Black Indians of Texas

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The following account provides a brief description of the contrasting status of African Americans in Spanish\Mexican and Independent Texas.

Blacks participated in the initial exploration and settlement of Texas.... Esteban, an African who was one of the four survivors of the Cabeza de Vaca expedition that shipwrecked on the Texas coast in 1528, established the pattern of black involvement in Spanish Texas. Blacks accompanied most Spanish expeditions into Texas in the sixteenth and seventeenth centuries, and they were part of the population of most Spanish garrisons and settlements in Texas in the eighteenth century. Blacks probably comprised between 15 and 25% of the population of Spanish Texas in the late eighteenth century. Furthermore, although the Spanish introduced slavery into Texas, the majority of blacks residing in the province were free. For examples, in the San Antonio area in 1778, 151 of 759 male residents were black or mulatto, and only 4 of these were slaves. Free blacks in Spanish Texas faced few, if any, restrictions on their freedom. They were accepted socially and followed whatever trade or profession that they chose. Census data lists blacks or mulattos as farmers, merchants, teachers, shoemakers, carpenters, miners, teamsters, laborers, and domestic servants. Several of them owned land and cattle.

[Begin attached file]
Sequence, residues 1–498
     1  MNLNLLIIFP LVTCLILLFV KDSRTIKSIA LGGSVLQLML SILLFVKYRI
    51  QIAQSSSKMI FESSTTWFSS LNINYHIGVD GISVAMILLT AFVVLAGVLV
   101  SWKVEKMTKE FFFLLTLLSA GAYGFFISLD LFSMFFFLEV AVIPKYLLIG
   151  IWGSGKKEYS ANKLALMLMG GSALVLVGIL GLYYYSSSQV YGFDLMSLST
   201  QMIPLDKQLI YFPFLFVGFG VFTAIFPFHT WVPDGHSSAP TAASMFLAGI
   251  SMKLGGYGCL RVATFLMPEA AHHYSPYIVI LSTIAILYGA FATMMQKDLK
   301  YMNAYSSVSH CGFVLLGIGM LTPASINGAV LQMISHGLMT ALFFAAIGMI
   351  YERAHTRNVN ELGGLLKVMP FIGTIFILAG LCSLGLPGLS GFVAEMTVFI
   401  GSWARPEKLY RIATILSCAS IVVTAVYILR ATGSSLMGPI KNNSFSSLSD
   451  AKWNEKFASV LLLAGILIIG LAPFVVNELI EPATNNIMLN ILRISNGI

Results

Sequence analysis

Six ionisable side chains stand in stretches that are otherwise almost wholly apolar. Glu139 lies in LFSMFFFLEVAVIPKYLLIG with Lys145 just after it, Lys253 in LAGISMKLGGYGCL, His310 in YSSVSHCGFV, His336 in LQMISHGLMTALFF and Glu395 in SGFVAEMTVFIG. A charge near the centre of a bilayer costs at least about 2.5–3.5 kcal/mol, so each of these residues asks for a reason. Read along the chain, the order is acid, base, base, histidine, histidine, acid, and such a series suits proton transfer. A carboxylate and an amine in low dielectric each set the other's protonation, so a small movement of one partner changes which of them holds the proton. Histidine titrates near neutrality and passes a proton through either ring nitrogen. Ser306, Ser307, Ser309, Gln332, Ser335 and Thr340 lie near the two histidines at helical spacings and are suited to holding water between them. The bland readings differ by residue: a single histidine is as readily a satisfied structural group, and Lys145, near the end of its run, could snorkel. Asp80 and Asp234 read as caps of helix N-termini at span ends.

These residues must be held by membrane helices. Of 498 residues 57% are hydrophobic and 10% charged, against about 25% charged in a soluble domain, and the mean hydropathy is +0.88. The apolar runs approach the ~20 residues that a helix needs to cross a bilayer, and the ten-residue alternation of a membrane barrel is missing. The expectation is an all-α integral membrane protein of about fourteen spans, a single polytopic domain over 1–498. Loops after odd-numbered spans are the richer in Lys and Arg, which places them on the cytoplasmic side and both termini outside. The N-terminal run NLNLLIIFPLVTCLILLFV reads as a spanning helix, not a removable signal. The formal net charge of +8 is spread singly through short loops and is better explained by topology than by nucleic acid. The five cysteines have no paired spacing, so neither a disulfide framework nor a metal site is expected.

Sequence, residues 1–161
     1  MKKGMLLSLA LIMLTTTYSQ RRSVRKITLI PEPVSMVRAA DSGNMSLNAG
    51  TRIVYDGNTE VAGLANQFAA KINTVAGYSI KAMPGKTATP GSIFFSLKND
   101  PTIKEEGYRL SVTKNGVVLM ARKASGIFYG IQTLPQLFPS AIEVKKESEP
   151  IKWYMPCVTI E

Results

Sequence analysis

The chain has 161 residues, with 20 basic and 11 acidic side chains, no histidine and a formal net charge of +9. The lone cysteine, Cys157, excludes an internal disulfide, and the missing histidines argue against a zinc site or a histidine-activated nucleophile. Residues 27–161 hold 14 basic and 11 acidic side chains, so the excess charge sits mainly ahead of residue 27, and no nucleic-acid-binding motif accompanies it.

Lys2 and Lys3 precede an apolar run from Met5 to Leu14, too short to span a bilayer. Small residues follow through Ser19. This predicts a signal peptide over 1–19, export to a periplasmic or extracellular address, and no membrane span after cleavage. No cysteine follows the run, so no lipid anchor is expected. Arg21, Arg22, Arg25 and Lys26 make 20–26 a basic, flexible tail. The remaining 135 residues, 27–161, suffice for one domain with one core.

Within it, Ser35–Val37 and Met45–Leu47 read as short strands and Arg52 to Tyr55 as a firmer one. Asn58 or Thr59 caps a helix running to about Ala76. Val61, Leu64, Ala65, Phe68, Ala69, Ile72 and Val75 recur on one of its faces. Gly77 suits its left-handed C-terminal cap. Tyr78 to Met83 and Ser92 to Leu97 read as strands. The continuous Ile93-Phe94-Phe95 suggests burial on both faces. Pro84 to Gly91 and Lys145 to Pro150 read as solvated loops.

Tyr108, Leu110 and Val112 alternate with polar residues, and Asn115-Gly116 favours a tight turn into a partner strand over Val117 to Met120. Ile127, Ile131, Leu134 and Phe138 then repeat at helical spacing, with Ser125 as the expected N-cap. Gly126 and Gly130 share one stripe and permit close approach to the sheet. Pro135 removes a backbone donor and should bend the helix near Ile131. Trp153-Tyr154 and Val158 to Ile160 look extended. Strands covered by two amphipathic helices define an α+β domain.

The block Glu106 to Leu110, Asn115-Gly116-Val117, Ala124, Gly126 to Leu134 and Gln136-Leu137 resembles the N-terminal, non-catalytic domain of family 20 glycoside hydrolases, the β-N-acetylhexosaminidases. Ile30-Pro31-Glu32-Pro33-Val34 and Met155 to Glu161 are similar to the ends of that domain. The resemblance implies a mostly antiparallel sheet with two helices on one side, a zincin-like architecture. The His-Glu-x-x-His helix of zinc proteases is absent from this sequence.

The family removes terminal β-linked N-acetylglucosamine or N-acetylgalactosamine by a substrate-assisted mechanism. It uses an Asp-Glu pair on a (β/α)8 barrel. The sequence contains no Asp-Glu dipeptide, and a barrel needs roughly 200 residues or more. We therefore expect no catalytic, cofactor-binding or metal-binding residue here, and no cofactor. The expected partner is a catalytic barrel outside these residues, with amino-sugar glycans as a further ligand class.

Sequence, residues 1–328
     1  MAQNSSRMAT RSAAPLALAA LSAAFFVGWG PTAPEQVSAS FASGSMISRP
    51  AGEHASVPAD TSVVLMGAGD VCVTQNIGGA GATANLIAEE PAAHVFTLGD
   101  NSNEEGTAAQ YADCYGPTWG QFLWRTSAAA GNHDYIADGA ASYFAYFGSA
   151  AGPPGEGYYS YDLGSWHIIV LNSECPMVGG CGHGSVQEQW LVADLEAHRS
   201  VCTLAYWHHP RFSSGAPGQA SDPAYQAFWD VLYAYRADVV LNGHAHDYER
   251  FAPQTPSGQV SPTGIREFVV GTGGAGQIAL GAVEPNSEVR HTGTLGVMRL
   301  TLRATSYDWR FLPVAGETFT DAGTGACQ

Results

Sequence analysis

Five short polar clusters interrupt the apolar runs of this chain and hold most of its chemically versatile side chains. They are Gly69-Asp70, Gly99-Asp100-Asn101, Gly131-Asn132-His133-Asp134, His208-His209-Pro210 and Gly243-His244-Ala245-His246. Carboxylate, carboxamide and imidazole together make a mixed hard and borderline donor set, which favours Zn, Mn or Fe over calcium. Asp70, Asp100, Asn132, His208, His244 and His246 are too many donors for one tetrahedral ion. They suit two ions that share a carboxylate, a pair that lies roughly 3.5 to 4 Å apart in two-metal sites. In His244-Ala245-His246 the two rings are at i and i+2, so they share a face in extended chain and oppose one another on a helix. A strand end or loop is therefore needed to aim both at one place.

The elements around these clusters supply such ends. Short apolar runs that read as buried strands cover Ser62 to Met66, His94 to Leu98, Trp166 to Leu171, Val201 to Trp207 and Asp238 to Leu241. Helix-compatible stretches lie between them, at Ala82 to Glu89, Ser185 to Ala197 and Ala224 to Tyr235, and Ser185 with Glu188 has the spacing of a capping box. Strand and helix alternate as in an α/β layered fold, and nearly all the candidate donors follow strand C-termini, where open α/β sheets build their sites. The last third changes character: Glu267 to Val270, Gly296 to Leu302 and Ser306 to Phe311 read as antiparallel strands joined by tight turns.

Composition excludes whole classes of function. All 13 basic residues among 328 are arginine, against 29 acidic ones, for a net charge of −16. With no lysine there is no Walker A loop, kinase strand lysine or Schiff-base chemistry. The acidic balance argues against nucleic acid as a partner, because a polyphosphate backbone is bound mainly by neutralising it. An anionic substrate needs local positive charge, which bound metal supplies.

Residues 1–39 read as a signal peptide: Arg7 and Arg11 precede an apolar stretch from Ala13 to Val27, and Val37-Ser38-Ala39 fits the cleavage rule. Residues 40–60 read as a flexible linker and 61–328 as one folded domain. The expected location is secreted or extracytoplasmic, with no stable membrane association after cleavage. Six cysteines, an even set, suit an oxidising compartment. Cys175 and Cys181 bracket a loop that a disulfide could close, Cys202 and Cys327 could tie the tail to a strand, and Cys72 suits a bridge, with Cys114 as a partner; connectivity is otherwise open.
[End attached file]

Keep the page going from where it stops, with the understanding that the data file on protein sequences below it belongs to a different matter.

Most of the blacks who resided in Spanish Texas were born there or even further south in what is present-day Mexico. However, beginning in the early nineteenth century, an increasing number came from the United States. This migration increased after 1821, when Mexico won its independence from Spain. Free blacks came to Texas because there was greater opportunity and much less racial prejudice under Spanish and Mexican governments than in the United States. Tex also attracted its share of runaway slaves, especially from neighboring Louisiana. Under Mexican rule, conditions that blacks faced in Texas were hospitable enough for abolitionist Benjamin Lundy to seek official permission to establish a colony of free American blacks there in the early 1830s. The Mexican government endorsed Lundy's proposal, but the project was dropped after Texas achieved its independence.